Skagway Historic District and White Pass, AK | CruiseBe
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Skagway Historic District and White Pass

History and museums, Natural sights
old town, gold rush, landmarks

The Skagway Historic District and White Pass is a National Historic Landmark District encompassing a significant portion of the area within the United States associated with the Klondike Gold Rush. It includes the historic portion of Skagway, Alaska, including the entire road grid of the 1897 town, as well as the entire valley on the United States side of White Pass all the way to the Canadian border. This area includes surviving fragments of three historic routes used during the Gold Rush, as well as the route of the White Pass and Yukon Railroad. Almost 100 buildings remain from the Gold Rush period. Portions of the district are preserved as part of Klondike Gold Rush National Historical Park.

The Skagway portion of the district includes the historic heart of the town, a region 23 block long and varying in width from three to five blocks. Fourteen of these blocks were under National Park Service protection in 1999. Buildings in the district are generally wood frame structures with one or two stories, which have been brightly painted. Commercial buildings often have false fronts, commercial window displays, and recessed entries, and are sited directly against the sidewalk, while residences are set back. The district includes more than 350 buildings in Skagway, and only eight structures outside the city.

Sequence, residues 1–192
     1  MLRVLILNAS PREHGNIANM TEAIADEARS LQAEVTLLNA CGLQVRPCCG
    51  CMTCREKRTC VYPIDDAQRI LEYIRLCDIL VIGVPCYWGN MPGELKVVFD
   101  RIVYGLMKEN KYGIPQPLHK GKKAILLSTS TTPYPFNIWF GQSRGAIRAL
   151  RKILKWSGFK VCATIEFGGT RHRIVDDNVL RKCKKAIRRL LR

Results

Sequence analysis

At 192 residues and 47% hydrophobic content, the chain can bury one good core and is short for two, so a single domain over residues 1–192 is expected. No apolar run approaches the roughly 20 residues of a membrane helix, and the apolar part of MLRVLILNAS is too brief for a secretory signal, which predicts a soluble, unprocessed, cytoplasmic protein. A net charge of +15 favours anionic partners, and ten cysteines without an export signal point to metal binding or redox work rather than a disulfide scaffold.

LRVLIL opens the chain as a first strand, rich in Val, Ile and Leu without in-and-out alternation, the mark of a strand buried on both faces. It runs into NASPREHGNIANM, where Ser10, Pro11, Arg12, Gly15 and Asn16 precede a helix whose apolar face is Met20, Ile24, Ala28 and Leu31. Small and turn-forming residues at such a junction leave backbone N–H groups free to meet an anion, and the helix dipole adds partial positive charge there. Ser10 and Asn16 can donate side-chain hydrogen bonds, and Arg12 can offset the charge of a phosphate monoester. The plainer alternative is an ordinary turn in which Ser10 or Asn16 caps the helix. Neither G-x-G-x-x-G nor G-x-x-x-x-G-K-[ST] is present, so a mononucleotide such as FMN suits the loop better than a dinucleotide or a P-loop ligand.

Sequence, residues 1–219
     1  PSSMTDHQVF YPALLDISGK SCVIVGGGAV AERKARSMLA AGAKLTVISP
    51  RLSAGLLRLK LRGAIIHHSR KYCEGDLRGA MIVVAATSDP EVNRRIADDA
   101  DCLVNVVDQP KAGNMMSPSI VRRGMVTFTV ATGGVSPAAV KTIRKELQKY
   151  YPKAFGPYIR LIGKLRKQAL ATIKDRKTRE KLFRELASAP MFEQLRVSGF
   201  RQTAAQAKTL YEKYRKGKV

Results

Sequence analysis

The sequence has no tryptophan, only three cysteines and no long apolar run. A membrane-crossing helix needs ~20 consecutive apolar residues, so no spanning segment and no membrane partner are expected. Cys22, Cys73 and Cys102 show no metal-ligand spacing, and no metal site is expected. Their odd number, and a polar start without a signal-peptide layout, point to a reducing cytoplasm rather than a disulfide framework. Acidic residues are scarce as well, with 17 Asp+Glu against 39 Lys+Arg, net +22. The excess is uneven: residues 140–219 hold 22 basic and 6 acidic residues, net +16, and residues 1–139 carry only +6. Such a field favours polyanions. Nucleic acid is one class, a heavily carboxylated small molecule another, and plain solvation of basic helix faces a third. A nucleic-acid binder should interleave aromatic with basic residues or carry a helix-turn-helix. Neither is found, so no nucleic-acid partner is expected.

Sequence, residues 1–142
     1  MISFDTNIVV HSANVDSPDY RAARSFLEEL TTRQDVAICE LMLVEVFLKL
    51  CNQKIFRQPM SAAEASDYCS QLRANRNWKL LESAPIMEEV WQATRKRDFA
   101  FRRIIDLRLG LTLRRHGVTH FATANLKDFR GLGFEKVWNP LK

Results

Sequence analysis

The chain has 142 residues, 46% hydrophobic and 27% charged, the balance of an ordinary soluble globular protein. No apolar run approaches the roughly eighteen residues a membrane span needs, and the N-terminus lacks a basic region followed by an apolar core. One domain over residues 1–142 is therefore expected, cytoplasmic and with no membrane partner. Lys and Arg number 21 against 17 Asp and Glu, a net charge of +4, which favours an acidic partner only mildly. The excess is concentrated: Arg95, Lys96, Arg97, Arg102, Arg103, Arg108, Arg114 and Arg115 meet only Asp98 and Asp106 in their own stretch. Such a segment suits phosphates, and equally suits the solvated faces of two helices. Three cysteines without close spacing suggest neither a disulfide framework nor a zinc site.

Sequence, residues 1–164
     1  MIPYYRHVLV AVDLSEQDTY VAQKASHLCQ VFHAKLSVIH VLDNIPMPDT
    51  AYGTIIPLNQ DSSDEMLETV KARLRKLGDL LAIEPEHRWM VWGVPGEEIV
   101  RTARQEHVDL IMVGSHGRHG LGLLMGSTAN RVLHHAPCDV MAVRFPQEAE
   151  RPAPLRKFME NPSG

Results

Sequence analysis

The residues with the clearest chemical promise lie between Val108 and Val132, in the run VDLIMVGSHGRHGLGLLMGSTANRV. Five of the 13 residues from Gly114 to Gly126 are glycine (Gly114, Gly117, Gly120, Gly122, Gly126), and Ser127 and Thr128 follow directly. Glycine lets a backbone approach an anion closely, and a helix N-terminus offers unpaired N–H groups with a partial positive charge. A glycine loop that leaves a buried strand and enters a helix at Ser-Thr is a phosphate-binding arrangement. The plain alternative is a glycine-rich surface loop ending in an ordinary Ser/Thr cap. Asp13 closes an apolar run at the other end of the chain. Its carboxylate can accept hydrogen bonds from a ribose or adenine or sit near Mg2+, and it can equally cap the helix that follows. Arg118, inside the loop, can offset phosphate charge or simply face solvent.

The valley that rises steeply above Skagway was one of the main routes to the gold fields of the Yukon River. (The other, the Chilkoot Trail, is located west of Skagway, and is part of the National Historic Landmark Chilkoot Trail and Dyea Site historic district.) Two overland routes, the 1897 trail and the Brackett Wagon Road, worked their way up White Pass, as did a water-based route along the Skagway River, and the White Pass and Yukon Railroad, completed in 1900. Part of the valley now also carries the Klondike Highway. There are numerous areas along these historic routes (some of which have not been identified with precision, and may have followed variable routes during the rush) where camp sites and other remnants of the rush are to be found.


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